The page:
If I say adjectives in a row, where the first could apply to the second, such as "cute blonde girl" - does it imply that I think blonde is cute? If it doesn't, why not and how would this be phrased to do so?

  • 1
    Are you trying to say you think blondes in general are cute? If so you’d need to say just that. “Blonde” is a modifier and can’t have “cuteness” of its own. “Cute blonde girl” implies a blonde girl who is cute. If you were to add a comma between them (“cute, blonde girl”), the adjectives become cooridnate, and it would imply a girl who happens to be both cute and blonde.
    – GrammarCop
    Commented May 31 at 16:48
  • So I would need to specify these things separately and it is improper to not have a comma? I'm in an argument with my family member that keeps writing something along the lines of "that cute fat cat" - to me, it implies that they find the cat's fatness cute but I'm not sure there's any basis in English for this.
    – G_A_R_T
    Commented May 31 at 17:54
  • I would say it’s more correct not to have the comma because “blonde” as a modifier is intrinsically tied to the girl, whereas “cute” is then something you’re tacking on. All you can draw from “that cute fat cat” is that there is a fat cat and they find it cute. It could be because of the cat’s fatness, or it could just be that they find that one fat cat cute (as opposed to another fat cat, which they might find ugly). It’s up to your interpretation.
    – GrammarCop
    Commented May 31 at 18:16
  • You could say "cutely blonde girl" meaning she's blonde in a cute way (adverb modifies adjective), but it doesn't sound very natural/idiomatic. On the other hand, it's not totally unreasonable to say that if two things are mentioned together the speaker/writer connects them in some way.
    – Stuart F
    Commented May 31 at 18:44

1 Answer 1


There's a generalized semantic precedence to stacked adjectives where ones of higher precedence are generally ordered first and most likely to describe the noun rather than the succeeding adjective. Subjective assessments like "cute" have the highest precedence in this regard.

enter image description here

So "cute blonde girl" strongly implies that "cute" describes "girl" and not "blonde". Same with "amazing blue sky"; this pulls strongly towards "amazing" describing "sky" and not "blue".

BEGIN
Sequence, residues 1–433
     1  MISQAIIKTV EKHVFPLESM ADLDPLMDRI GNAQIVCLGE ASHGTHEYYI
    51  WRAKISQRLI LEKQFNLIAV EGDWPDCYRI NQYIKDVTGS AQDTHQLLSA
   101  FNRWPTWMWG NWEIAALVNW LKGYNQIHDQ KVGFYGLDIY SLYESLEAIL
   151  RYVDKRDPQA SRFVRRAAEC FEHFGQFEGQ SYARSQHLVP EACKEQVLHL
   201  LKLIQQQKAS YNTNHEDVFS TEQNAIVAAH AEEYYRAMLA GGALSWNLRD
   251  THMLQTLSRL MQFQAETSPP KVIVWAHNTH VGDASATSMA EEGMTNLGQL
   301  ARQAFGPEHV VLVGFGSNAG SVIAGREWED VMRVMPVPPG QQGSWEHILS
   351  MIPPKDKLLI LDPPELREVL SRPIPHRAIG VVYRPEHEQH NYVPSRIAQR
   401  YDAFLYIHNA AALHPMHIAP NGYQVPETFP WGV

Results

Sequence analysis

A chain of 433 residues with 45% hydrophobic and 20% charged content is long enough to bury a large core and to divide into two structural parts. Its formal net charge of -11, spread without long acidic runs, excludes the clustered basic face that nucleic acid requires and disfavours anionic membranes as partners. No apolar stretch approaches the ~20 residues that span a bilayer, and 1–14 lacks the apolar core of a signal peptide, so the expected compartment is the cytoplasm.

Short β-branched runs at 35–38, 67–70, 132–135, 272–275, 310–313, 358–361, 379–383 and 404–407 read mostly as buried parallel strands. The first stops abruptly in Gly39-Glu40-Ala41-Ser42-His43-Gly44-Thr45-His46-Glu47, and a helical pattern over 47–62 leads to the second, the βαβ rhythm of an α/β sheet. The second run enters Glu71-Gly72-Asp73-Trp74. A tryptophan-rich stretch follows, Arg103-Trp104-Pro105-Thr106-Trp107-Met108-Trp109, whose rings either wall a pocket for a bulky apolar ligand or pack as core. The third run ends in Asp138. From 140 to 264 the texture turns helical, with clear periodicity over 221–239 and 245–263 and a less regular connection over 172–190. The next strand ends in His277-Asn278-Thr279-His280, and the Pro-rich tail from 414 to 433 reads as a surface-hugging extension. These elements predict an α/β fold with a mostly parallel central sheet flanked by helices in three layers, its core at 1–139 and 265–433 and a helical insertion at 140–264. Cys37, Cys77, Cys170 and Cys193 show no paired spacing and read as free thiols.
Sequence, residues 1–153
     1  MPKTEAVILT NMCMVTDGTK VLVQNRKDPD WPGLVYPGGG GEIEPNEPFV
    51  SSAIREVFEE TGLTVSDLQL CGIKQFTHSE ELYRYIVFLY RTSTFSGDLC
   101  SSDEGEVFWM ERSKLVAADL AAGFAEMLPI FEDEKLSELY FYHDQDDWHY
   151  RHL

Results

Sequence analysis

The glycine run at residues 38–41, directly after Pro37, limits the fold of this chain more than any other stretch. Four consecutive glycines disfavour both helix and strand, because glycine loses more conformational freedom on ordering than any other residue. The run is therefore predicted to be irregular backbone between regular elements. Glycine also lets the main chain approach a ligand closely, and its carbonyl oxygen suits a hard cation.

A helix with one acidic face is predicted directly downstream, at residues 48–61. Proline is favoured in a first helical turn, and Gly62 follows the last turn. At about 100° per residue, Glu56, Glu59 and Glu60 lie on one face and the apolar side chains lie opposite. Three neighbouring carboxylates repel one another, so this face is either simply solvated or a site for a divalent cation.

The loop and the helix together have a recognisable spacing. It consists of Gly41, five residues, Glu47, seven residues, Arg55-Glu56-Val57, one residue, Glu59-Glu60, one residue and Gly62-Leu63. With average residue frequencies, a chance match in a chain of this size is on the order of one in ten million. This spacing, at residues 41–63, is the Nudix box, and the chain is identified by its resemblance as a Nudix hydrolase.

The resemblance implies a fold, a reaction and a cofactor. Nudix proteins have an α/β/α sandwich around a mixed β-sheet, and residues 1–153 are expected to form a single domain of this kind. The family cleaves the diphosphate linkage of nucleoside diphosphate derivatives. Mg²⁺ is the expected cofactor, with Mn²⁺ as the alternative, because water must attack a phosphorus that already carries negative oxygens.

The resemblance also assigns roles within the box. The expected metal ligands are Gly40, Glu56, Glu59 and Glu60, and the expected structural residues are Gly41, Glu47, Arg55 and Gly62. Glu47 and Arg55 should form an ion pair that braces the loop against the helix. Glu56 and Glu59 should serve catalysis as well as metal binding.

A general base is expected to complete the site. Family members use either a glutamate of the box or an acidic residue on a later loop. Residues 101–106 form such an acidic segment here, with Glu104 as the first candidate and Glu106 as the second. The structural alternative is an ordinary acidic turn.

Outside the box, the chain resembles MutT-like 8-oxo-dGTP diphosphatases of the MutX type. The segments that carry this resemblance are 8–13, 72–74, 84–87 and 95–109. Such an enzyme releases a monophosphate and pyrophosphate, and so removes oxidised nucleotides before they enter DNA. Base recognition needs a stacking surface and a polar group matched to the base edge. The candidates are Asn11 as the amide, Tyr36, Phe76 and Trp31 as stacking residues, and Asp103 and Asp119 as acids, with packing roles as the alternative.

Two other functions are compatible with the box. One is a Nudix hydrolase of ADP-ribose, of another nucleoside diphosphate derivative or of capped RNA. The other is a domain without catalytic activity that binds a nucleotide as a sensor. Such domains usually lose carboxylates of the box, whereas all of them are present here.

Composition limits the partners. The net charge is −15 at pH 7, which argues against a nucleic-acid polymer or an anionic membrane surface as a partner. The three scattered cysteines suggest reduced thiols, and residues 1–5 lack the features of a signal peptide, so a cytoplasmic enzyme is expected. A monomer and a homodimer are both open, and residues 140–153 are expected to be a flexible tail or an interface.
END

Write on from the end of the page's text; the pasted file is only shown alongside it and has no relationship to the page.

However, adjectives used in more objective contexts tend to pull more strongly towards describing their succeeding adjectives. So in the case of "dark blonde girl", "dark" pulls towards describing "blonde" and not "girl". That is to say, this implies a girl who has dark blonde hair, not a dark girl who has blonde hair. Context affects precedence as well; "blonde" is describing a hair color in this context and "dark" is commonly used to describe color, so "dark" pulls more strongly towards "blonde" as they're more contextually related in this case.

There's also some degree of ambiguity in all of this, but it should be safe to assume in the case of "cute blonde girl" that "cute" is describing "girl". If you want to make it absolutely clear, you can use "and" or a comma in between: "a cute and blonde girl" or "a cute, blonde girl".

If you want to describe her cuteness as bundled into her blondeness, a hyphen serves to imply a stronger relationship between the adjacent adjectives. So "cute-blonde girl" would imply that there's a stronger relationship between "cute" and "blonde", that her blonde hair is cute or that the girl's cuteness has something more specifically to do with being blonde.

  • 1
    'Compound adjectives' are single adjectives arising from two elements combined into a single lexeme (normally a hyphenated word) such as heart-warming, sun-dried, world-famous, full-length, two-door. 'Cute blonde girls' certainly doesn't contain a compound adjective. // 'Deep blue sea' is indeterminate between 'sea appearing deep blue' and 'deep and blue sea'. In the first interpretation, the first adjective modifies the second rather than the noun. In the second, the adjectives are coordinate (and usually separated by a comma). Commented May 31 at 19:31
  • @EdwinAshworth I see! My understanding of compound adjectives might be incorrect. I was under the impression that any adjacent pair of adjectives -- used as such (although often rather ambiguous as many adjs. also function as nouns) -- form compounds implicitly even with the omission of the hyphen. They can implicitly form coordinate adjectives as well even with the omission of the comma?
    – Ned Stark
    Commented May 31 at 19:53
  • 1
    With nouns certainly , there are grey areas between open compounds and strong collocations. (And CGEL don't even recognise open compound lexemes). // I've always seen 'the deep blue sea' as using coordinate adjectives, 'the sea deep and blue', which the 'rule' insists should have a comma. It's a rule of thumb. Commented May 31 at 22:23
  • 1
    Strings of more than two adjectives are usually all modifying the noun; it's too messy using other devices. With a pair of adjectives, the key issue is whether the earlier adjective modifies the noun or the second adjective. As you say, logic often informs (even mandates) the actual situation. 'The beautiful[,] blue sea' (I'd not use a comma) gravitates, as you say, heavily towards a coordinate usage. For the alternative, 'the sea was a beautiful blue' is available. And some pairings (bright blue) are strong collocations (grading to compounds like blue-green, off-white), and can ... Commented May 31 at 23:13
  • 1
    be assumed to be cohesive (ie not separately modifying the noun, unlike say 'a nice little old house'). Commented May 31 at 23:14

Not the answer you're looking for? Browse other questions tagged or ask your own question.